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Political parties divided on animal welfare issues ahead of election

News Section Icon Published 22/05/2024

The four largest political parties in Westminster set out their animal welfare positions and commitments so far at a landmark first-of-its-kind 'Animals Matter' hustings in Westminster yesterday evening as politicians and the public await the next general election.

The Labour Party has committed to ending the import of foie gras if elected. Speaking at the Animals Matter hustings, hosted by four of the UK’s leading animal protection organisations (Compassion in World Farming, FOUR PAWS UK, Humane Society International/UK and RSPCA), Ruth Jones MP, Labour’s Shadow Minister for Environment Food and Rural Affairs told the audience: “In terms of foie gras, yes we will ban it”, a move that would effectively bring an end to the sale of the cruel fattened duck and goose liver in the UK.

TV celebrity and animal campaigner Pete Wicks addressed a question to the panel about the fur trade, recounting his experience visiting a fur farm in Finland and how the cruelty he saw made him ashamed that fur from animals suffering in barren cages could end up being sold in the UK. Wicks asked the parties if they would commit to “ending imports of disgustingly cruel products like fur and foie gras”.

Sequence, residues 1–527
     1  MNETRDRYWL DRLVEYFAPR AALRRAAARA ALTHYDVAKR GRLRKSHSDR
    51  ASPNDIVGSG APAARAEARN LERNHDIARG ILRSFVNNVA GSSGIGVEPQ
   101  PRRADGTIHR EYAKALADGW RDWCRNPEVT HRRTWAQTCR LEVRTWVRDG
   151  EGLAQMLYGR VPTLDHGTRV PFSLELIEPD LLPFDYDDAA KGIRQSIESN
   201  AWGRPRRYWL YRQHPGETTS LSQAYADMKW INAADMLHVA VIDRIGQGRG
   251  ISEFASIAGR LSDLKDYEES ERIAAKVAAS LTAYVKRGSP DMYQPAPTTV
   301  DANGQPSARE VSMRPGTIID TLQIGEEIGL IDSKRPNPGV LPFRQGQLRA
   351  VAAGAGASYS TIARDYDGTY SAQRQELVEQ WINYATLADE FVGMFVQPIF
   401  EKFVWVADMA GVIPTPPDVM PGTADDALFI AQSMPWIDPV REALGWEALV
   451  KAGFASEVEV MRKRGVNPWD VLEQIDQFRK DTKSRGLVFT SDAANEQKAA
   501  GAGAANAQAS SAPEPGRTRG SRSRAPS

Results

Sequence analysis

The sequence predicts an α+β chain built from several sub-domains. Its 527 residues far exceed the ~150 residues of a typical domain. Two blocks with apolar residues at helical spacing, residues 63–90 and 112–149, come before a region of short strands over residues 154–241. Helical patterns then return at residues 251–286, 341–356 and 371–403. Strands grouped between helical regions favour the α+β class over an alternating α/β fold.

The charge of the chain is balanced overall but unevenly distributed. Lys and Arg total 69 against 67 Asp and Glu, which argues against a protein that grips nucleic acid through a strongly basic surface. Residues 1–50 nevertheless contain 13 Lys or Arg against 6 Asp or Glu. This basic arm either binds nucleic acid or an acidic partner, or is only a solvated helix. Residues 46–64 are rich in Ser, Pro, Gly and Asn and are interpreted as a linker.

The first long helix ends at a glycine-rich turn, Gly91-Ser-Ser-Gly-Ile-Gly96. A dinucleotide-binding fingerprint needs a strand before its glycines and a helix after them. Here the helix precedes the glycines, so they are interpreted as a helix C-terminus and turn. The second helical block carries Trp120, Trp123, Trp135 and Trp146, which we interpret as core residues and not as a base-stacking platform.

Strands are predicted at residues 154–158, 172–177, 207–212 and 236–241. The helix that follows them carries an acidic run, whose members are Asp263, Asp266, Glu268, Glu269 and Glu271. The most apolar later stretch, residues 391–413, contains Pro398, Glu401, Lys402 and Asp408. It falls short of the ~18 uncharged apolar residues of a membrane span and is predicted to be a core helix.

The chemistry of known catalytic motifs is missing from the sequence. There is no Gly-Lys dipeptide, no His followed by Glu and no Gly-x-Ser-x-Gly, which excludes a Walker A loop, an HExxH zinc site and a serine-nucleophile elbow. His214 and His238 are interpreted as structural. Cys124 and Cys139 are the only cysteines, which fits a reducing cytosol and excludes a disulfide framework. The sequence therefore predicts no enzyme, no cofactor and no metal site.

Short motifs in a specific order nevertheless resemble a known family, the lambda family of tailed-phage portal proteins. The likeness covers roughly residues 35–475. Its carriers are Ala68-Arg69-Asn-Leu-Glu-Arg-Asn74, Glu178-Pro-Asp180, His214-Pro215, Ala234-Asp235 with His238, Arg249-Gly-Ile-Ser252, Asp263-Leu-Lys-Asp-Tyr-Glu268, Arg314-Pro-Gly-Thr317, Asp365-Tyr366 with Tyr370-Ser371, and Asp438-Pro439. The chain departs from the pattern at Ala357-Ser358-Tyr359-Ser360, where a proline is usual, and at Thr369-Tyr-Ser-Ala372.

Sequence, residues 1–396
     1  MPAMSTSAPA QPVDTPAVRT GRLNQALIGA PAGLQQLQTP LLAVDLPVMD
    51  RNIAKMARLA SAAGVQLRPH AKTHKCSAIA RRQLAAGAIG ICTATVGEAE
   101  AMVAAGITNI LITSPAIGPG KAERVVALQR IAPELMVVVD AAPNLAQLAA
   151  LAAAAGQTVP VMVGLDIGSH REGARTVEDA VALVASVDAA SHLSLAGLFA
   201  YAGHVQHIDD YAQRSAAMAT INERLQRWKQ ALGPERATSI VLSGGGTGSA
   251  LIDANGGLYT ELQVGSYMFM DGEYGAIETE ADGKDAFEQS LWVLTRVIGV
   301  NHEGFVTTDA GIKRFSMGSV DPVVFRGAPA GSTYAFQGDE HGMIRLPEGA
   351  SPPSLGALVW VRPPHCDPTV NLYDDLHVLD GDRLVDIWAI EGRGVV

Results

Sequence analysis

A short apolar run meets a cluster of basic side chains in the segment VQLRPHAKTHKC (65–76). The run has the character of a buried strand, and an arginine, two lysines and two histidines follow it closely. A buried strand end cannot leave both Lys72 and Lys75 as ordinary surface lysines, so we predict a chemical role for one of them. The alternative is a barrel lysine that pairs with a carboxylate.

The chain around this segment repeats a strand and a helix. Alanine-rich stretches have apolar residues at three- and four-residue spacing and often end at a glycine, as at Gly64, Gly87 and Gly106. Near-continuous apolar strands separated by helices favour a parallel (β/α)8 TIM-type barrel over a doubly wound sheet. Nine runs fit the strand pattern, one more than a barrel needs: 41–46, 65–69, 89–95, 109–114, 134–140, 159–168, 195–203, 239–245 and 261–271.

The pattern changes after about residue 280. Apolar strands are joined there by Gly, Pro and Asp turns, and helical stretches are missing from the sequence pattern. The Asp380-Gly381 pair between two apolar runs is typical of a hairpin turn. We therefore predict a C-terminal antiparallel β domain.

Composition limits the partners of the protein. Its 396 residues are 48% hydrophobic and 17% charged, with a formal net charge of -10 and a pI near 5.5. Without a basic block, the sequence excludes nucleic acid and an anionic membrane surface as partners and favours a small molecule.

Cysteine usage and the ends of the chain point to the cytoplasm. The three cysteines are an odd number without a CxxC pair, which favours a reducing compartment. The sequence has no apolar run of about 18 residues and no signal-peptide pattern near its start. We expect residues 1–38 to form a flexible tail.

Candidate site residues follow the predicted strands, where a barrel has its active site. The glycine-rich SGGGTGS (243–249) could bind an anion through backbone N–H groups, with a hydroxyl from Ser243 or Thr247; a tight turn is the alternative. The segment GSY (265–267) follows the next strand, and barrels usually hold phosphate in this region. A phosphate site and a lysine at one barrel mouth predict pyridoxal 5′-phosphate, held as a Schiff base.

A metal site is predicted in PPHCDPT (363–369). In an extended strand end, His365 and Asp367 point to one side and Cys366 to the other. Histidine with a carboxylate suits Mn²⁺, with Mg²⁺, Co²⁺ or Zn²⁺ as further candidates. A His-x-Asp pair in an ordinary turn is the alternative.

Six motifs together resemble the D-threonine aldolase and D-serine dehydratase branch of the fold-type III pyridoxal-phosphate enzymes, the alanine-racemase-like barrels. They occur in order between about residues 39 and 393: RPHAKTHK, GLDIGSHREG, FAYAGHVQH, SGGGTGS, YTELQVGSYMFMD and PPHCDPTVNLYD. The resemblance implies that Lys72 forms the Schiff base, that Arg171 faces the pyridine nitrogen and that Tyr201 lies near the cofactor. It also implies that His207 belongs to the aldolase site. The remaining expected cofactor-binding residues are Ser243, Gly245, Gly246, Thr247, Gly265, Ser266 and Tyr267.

In response, SNP panellist Steven Bonnar MP, Spokesperson for Environment, Food and Rural Affairs, stated that the SNP is “fully committed to ban fur and foie gras imports”, calling them “barbaric practices”.

Other party spokespeople stopped short of committing to banning fur imports, with Ruth Jones MP (Labour) telling the audience it’s “an obvious one” because of the strength of public support for a ban, but that Labour is waiting on the Government to release the results of its Call for Evidence on the fur market in Great Britain. 

The Call for Evidence was launched in May 2021 with the stated intention of using the findings to inform possible future action on the UK fur trade, but over three years on, despite repeated calls from MPs and animal protection organisations, Defra has yet to make the results publicly available. Rebecca Pow MP responded by saying these results would be published “very soon”.

On cracking down on illegal hunting with dogs, the Labour and SNP panellists confirmed they would strengthen the Hunting Act, to close loopholes that facilitate illegal hunting with dogs and to increase penalties, however when pressed for a yes or no answer on whether the Hunting Act should be strengthened the Conservative Minister Rebecca Pow said: “leave it as it is”.